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Department of Romance Languages and Literatures

Department Website: http://rll.uchicago.edu

Faculty and Staff

Professors

  • Frederick A. de Armas
  • Daisy Delogu
  • Alison James
  • Robert Kendrick
  • Armando Maggi
  • Robert J. Morrissey
  • Larry F. Norman
  • H. Justin Steinberg
  • Mauricio Tenorio

Associate Professors

  • Niall Atkinson
  • Dain Borges
  • Larissa Brewer-García
  • Sergio Delgado Moya
  • Agnes Lugo-Ortiz
  • Miguel Martínez
  • François Richard
  • Rocco Rubini
  • Mario Santana
  • Jennifer Scappettone
  • Jennifer Wild

Assistant Professors

  • Pauline Goul
  • Noel Blanco Mourelle
  • Khalid Lyamlahy
  • Maria Anna Mariani
  • Danielle Roper
  • Victoria Saramago

Senior Research Associate

  • Clovis Gladstone

Research Associate

  • Federica Caneparo

Language Program Directors

  • Alba Girons Masot
  • Ana Maria Lima
  • María C. Lozada
  • Alice McLean
  • Janet Sedlar
  • Veronica Vegna

Instructional Professors

  • Marie Berg
  • Céline Bordeaux
  • Irena Cajkova
  • Lidwina van den Hout

Associate Instructional Professor

  • Rebecca Petrush

Assistant Instructional Professors

  • Begoña Arechabaleta Regulez 
  • Celia Bravo Díaz
  • Sara Dallavalle
  • Irati de Nicolás Saiz
  • Pablo García Piñar
  • Sylvie Goutas
  • James León Weber
  • Verónica Moraga
  • Diana Palenzuela Rodrigo
  • Alan Parma
  • Felipe Pieras-Guasp
  • Claudia Quevedo-Webb
  • Juliano Saccomani
  • Gerdine Ulysse

Teaching Fellows in the Humanities

  • Daniela Gutiérrez Flores
  • Enrique Macari
  • Juan Diego Mariátegui
  • Maximilien Novak

Emeritus Faculty

  • Paolo Cherchi
  • René de Costa
  • Peter F. Dembowski
  • Philippe Desan
  • George Haley
  • Thomas Pavel
  • Elissa Weaver
  • Rebecca West

Staff

  • Jennifer Hurtarte, Graduate Affairs Administrator

Program Overview

We offer PhD programs in three areas of study: French and Francophone Studies, Hispanic and Luso-Brazilian Studies, and Italian Studies. Our students are supported by faculty members within and outside the department and we encourage students to take advantage of the University's many interdisciplinary programs.

The Joint PhD Program in Theater & Performance Studies (TAPS) allows students to complement their doctoral studies in Romance Languages and Literatures with a program of study in TAPS that reflects their particular training and interests, encompassing both academic and artistic work. Please visit the TAPS graduate program website for additional information on the joint program.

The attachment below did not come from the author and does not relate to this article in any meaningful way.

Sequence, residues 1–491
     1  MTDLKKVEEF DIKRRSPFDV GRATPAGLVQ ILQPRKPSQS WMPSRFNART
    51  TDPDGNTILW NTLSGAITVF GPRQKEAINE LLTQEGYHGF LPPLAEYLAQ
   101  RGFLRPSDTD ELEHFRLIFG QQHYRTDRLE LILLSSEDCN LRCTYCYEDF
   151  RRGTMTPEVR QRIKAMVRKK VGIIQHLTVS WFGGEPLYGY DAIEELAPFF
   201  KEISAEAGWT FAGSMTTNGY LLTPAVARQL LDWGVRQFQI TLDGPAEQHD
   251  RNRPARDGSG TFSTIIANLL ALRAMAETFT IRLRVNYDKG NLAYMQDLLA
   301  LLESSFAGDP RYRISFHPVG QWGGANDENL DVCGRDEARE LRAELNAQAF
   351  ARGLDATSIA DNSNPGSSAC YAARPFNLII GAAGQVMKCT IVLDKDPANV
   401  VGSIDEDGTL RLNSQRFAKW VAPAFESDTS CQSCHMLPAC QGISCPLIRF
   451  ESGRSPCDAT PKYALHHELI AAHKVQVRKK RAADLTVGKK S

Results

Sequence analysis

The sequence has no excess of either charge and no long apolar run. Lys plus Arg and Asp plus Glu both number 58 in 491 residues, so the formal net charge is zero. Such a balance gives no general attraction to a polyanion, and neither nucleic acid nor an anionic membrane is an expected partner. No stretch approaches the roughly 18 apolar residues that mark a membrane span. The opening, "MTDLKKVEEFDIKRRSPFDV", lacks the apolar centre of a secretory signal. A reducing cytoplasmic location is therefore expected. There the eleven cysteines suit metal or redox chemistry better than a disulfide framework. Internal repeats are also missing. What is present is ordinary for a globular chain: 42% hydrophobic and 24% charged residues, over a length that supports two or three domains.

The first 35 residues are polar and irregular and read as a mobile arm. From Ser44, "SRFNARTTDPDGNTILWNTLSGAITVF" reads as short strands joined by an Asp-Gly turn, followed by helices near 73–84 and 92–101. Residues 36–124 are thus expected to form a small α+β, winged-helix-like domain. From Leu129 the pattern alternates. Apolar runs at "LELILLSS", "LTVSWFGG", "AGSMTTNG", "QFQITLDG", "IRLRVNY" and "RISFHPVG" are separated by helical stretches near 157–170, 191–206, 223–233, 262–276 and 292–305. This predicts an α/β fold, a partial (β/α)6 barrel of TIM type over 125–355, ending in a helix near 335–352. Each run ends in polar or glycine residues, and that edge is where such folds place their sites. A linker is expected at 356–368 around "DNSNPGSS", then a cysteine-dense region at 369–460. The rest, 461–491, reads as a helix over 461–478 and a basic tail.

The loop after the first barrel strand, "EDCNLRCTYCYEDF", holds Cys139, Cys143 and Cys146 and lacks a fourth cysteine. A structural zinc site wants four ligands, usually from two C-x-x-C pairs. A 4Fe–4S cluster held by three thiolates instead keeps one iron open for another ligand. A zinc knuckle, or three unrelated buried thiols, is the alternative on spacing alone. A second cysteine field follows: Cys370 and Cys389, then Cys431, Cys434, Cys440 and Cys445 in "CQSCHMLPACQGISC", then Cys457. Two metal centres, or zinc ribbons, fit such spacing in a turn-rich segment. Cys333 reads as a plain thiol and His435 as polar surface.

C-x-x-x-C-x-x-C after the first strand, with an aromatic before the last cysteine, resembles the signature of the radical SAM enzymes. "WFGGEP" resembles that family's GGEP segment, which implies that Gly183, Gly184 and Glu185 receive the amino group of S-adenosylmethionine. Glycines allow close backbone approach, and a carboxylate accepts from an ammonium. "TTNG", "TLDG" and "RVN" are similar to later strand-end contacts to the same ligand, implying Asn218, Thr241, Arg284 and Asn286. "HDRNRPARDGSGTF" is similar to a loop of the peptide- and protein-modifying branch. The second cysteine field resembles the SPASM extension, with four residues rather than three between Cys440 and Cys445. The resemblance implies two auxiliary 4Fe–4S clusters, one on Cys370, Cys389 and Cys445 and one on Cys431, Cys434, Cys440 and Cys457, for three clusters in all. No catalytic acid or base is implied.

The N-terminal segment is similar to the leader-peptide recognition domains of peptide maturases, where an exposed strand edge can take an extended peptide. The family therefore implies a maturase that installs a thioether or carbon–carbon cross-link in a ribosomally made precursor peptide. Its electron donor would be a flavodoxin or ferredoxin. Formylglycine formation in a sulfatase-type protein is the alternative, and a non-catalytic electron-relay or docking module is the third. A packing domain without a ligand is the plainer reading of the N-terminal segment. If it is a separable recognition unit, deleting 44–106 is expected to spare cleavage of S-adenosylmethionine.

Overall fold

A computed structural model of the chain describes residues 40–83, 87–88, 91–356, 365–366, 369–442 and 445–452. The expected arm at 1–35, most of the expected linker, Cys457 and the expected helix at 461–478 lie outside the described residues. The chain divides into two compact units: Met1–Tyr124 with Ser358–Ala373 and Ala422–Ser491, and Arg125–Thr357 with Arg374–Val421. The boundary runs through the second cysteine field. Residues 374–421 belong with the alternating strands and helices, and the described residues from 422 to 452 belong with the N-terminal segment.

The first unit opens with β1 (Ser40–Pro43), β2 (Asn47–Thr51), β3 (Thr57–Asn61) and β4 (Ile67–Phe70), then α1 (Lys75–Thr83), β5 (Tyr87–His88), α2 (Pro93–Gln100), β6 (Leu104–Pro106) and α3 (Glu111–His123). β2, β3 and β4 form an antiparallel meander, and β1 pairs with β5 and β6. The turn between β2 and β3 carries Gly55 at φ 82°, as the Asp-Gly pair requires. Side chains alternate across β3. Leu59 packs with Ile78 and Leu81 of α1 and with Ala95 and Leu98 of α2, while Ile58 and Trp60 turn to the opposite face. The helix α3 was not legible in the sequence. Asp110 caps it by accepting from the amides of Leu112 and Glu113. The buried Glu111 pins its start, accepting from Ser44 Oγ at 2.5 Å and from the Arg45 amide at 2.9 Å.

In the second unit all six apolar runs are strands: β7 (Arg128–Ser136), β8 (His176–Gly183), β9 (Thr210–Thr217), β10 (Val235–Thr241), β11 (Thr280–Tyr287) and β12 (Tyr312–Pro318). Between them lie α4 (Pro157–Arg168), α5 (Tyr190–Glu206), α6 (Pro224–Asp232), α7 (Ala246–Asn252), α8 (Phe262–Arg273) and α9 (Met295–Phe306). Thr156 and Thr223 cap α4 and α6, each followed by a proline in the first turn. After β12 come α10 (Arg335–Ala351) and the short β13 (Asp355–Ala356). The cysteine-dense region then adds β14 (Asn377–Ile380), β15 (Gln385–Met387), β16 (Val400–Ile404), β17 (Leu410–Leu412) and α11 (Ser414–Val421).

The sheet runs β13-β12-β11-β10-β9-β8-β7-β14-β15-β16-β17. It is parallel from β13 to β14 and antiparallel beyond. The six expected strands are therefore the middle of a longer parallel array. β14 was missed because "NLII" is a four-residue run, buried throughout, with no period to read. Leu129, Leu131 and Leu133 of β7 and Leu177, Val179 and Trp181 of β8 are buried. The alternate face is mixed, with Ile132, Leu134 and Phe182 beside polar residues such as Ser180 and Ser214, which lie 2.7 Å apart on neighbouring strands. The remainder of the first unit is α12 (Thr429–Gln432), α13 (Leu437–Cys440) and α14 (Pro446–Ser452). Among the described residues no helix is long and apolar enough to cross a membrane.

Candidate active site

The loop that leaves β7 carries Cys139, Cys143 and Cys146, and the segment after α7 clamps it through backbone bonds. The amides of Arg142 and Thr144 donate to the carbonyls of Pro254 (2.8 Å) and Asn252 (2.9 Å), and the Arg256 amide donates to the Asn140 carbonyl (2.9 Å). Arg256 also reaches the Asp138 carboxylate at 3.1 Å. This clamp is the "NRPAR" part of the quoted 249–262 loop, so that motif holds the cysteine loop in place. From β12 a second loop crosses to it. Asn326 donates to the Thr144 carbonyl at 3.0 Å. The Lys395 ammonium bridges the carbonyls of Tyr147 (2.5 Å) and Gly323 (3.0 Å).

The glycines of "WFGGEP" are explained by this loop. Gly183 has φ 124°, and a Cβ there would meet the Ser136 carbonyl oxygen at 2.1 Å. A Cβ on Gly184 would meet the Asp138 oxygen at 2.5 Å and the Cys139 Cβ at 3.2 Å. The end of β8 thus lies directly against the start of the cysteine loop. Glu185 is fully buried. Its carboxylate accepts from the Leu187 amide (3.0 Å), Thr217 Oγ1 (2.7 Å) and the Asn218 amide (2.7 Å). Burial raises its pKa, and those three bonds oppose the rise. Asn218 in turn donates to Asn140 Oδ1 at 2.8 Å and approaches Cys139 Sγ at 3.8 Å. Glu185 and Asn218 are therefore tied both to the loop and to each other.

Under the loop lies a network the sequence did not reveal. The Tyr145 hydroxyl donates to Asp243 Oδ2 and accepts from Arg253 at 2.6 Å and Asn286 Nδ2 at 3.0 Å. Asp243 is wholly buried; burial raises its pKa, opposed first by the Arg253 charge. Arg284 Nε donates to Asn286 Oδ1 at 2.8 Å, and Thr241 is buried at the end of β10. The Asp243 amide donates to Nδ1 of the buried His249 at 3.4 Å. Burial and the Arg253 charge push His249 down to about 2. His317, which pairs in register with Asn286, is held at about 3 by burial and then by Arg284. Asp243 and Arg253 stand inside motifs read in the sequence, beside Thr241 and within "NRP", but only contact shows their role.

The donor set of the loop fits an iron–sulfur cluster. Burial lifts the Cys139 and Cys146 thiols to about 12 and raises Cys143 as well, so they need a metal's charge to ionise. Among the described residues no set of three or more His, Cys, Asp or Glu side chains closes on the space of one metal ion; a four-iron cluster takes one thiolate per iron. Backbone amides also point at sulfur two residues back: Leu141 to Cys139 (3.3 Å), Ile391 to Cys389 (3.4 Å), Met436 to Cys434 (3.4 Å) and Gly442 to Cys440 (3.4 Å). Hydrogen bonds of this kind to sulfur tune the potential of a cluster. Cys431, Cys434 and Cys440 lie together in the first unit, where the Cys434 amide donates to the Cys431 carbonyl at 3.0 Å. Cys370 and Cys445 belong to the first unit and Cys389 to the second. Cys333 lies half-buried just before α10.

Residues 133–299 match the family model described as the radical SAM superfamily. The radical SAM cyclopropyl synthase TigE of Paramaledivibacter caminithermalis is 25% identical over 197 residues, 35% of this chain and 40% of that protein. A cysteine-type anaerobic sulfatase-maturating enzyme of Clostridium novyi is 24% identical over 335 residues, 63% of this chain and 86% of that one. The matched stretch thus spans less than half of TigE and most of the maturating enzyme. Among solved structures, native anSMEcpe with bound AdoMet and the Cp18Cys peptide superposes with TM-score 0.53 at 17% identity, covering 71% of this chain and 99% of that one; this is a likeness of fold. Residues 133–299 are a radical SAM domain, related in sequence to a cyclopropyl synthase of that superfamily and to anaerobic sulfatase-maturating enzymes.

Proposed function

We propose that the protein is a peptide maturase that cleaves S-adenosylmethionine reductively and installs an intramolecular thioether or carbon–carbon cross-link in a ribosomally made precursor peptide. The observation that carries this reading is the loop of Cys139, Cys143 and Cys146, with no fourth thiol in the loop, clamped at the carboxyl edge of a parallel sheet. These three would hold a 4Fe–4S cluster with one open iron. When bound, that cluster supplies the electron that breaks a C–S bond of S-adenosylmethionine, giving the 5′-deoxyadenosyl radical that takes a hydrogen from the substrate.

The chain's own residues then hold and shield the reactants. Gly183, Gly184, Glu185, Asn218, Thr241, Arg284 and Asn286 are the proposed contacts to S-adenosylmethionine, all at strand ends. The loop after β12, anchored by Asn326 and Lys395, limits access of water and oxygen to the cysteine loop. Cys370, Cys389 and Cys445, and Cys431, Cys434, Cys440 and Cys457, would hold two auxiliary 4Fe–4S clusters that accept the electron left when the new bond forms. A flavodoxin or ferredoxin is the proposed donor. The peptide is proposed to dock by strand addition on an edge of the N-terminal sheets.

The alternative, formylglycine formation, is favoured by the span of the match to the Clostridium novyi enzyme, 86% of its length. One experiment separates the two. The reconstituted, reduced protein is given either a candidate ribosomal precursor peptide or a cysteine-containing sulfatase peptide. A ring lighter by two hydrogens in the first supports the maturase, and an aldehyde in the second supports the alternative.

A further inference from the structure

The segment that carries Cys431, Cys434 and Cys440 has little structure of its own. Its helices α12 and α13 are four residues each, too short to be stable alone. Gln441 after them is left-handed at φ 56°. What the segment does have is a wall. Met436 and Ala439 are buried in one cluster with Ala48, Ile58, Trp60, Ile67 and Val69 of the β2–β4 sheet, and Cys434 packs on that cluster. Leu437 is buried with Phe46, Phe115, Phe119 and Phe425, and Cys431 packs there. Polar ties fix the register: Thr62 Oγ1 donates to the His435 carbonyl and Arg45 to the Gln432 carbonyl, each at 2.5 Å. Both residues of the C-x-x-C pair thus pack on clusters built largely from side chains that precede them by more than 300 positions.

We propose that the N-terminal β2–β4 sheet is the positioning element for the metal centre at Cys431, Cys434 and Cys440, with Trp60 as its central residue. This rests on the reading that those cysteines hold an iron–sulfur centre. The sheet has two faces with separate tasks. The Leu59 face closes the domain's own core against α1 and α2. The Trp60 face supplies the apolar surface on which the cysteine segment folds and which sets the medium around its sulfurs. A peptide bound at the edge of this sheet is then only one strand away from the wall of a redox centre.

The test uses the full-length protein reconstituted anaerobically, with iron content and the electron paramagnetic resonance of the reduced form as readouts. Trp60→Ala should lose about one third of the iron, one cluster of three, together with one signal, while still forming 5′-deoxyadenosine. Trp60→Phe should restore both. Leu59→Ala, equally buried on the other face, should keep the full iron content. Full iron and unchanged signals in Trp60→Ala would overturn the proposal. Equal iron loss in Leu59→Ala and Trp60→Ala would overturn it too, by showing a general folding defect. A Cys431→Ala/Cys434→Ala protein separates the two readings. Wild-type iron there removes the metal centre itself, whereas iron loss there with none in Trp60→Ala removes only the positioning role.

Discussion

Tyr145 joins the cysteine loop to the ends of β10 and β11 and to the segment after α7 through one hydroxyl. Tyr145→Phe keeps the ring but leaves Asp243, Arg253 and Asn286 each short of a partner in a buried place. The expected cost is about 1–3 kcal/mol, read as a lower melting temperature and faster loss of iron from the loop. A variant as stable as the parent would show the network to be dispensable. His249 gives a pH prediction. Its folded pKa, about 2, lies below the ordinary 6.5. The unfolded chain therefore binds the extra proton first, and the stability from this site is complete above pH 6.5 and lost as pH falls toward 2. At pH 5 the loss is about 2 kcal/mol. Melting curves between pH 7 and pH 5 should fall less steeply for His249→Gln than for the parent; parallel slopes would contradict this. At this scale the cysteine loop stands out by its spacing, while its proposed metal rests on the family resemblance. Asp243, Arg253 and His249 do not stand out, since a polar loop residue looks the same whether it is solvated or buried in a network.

Size of the Program

There are approximately four to six students in each year's PhD cohort. 

Time to Completion

Each program has slightly different requirements but all PhD students in Romance Languages and Literatures should be ABD (All But Dissertation) by the end of their third year. A general program of study summary is below:

  • Year 1: Coursework; preparation for language requirements; first-year exam
  • Year 2: Completion of coursework; fulfill language requirements; complete qualifying paper; preparation for comprehensive exams
  • Year 3: Comprehensive exams; fulfill language requirements; complete dissertation proposal and colloquium
  • Year 4: Dissertation research and writing; applications for dissertation completion fellowships
  • Year 5: Dissertation research and writing; applications for dissertation completion fellowships; job applications
  • Year 6: Dissertation completion; job applications.

Funding

Information about financial aid can be found on the Humanities Division website.

Teaching

As an integral part of the doctoral program, students will be exposed to a variety of teaching methodologies through coursework, mentoring and workshops, and will gain teaching experience by serving in different roles in our undergraduate program.

Masters Degree Program

The University of Chicago offers Masters-level study in Catalan, French, Italian, Portuguese, and Spanish language and culture through the Master of Arts Program in Humanities. In this one-year program, students build their own curriculum with graduate-level courses in any humanities department (including Romance Languages and Literatures) and complete a thesis with a faculty advisor.

Students may also pursue more thorough language training in the MAPH Two-Year Language Option (MAPH TLO). MAPH TLO students begin taking language classes in their first year of the program, weaving language-focused coursework into the traditional MAPH year. Language Option students continue to focus on their language skills in the second year of the program, registering for a minimum of nine total language classes during the two years they are at the University.

Application

The application process for admission and financial aid for all graduate programs in the Division of the Humanities is administered through the divisional Office of the Dean of Students. The Application for Admission and Financial Aid, with instructions, deadlines and department specific information is available online on their website.